South King County’s new recycling and transfer station under construction

The state-of-the-art facility in Algona is expected to open in 2026.

Design rendering of new Algona transfer station (Screenshot from King County website)

Design rendering of new Algona transfer station (Screenshot from King County website)

King County has plans to replace an aging South King County recycling center with a “state-of-the-art” upgrade in Algona.

Earlier this year, project construction began on the new facility (35101 West Valley Hwy S.) and designs for the project promise many upgrades and innovative features.

Karen Herndon, capital project manager with the King County Department of Natural Resources and Parks Solid Waste Division, said the need for the new facility is largely due to the age of the old Algona Transfer Station, which she said is roughly 60 years old.

Herndon said the current station has limited recycling and hazardous waste processing ability, despite being one of the busiest transfer stations in the county.

“There is a squeeze on services there,” Herndon said. “It is really [at] the end of its useful life.”

With changes to the recycled commodity market in recent years changing the way in which people are able to recycle certain materials, the new facility will reflect some of those industry changes with greater flexibility in how to collect and process different materials, said Joseph Basile, spokesperson for the King County Solid Waste Division.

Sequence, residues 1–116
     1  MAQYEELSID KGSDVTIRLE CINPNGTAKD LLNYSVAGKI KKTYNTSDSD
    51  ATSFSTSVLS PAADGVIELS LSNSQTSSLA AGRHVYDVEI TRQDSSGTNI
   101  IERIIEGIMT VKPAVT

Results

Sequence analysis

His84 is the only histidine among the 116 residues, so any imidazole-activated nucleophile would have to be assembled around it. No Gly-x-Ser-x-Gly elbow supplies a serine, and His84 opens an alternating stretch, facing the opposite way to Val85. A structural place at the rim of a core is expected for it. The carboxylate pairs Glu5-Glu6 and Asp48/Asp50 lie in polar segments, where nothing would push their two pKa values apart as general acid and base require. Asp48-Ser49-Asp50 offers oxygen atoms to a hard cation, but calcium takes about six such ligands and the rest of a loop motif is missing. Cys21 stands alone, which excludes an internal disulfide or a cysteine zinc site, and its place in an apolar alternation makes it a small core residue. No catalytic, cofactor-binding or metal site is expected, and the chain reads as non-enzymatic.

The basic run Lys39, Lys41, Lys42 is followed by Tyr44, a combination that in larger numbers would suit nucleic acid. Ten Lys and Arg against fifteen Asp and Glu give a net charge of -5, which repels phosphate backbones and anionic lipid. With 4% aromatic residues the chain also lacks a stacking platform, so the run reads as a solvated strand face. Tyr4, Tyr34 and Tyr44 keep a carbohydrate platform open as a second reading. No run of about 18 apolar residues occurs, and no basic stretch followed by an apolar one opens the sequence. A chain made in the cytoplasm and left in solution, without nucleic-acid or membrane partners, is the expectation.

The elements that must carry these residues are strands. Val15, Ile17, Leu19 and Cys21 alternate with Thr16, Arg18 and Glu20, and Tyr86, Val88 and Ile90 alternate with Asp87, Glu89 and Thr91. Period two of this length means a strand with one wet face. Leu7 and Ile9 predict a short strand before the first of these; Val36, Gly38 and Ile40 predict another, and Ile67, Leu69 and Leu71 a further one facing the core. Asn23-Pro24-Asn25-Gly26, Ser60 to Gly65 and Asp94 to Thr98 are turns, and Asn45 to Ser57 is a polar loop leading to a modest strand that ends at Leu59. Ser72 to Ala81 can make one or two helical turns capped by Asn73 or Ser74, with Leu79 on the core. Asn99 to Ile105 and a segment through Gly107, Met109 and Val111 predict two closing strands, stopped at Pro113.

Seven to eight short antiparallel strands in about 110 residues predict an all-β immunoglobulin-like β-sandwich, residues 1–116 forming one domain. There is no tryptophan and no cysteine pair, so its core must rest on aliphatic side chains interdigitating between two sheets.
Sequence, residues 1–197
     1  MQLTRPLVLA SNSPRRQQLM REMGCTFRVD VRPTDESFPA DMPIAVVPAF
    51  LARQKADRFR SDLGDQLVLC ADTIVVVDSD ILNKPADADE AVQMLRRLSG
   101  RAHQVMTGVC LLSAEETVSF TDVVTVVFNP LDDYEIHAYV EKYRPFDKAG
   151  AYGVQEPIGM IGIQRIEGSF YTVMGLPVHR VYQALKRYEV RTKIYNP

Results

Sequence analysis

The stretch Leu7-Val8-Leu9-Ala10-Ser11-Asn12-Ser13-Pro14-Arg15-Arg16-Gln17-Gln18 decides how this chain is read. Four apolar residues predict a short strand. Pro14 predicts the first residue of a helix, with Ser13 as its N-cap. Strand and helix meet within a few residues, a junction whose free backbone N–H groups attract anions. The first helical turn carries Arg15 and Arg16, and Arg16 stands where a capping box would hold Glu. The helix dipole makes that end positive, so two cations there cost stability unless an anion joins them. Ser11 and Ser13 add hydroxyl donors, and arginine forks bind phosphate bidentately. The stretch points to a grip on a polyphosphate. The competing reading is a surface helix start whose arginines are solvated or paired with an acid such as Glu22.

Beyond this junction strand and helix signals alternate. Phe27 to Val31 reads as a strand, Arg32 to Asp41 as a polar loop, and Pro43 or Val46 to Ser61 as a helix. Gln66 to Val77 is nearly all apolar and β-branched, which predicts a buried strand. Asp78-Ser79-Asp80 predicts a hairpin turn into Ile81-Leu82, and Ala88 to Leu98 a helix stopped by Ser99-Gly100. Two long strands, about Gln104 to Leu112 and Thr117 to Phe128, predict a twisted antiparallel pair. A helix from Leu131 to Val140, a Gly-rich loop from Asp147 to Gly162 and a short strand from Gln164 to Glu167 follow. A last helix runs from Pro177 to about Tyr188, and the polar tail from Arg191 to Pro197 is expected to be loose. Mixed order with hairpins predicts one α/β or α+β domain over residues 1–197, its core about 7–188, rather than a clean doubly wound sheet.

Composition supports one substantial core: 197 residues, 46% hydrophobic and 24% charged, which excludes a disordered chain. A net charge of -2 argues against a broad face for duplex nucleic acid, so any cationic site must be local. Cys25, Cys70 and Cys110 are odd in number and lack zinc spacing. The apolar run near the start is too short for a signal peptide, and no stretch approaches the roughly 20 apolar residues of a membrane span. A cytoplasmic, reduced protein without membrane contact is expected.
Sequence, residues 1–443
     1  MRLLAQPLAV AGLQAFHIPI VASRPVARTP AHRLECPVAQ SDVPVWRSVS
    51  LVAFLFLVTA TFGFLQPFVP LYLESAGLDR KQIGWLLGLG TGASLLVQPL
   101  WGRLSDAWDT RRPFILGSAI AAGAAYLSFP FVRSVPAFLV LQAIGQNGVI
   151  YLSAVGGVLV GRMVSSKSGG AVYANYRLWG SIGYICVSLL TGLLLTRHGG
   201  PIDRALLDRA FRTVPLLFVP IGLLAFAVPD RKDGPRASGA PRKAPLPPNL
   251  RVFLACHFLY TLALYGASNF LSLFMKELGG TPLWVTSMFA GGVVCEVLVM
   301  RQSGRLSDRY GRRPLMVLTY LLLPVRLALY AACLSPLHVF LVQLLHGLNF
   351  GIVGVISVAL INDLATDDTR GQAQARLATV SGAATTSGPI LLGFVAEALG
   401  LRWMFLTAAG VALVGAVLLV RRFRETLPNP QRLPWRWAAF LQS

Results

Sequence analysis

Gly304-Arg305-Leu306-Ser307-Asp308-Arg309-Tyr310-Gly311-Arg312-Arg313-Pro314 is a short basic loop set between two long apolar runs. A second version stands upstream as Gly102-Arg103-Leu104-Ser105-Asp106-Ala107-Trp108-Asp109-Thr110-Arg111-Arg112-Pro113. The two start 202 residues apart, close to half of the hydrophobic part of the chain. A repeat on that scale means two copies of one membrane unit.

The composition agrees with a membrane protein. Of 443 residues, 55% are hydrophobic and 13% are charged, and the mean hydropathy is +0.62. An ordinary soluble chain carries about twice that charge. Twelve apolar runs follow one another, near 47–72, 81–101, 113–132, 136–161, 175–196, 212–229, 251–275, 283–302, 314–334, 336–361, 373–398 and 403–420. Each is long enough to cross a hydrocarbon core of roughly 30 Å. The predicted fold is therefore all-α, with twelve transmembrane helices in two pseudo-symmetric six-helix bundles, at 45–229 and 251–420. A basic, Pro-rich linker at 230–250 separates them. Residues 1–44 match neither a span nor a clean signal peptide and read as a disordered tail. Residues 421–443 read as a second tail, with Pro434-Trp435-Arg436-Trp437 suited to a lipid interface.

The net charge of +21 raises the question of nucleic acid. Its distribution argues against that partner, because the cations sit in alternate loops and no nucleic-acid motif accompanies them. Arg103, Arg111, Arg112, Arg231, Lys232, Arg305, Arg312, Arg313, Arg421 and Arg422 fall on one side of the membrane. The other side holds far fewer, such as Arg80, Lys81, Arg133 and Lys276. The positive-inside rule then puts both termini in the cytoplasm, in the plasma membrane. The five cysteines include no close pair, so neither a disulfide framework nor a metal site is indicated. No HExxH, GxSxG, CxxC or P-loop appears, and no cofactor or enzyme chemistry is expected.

The nearly 10-acre facility was designed with the county’s sustainability goals in mind, according to Herndon. With a roof lined with solar panels, she said the solar energy collected will help provide roughly half of the station’s power needs, meaning a reduction in the facility’s carbon footprint. It will also have water cisterns to capture and use rainwater from the site.

During the construction of the facility, a stream on site will be realigned out from under the currently existing infrastructure and will be restored with drought-resistant and native plant landscaping.

Artists from the Muckleshoot Indian Tribe were also consulted to design artwork to be placed on the building and around the facility. With this project, they are interested in accessing ancestral teachings, translated through design, artwork, and a holistic approach to the site.

According to Herndon, the building will be recognized with a Living Building Certification from International Living Future Institute for its unique, innovative and sustainable design.

The facility is expected to open in 2026 and is intended to serve the cities of Algona, Auburn, Federal Way and Pacific.

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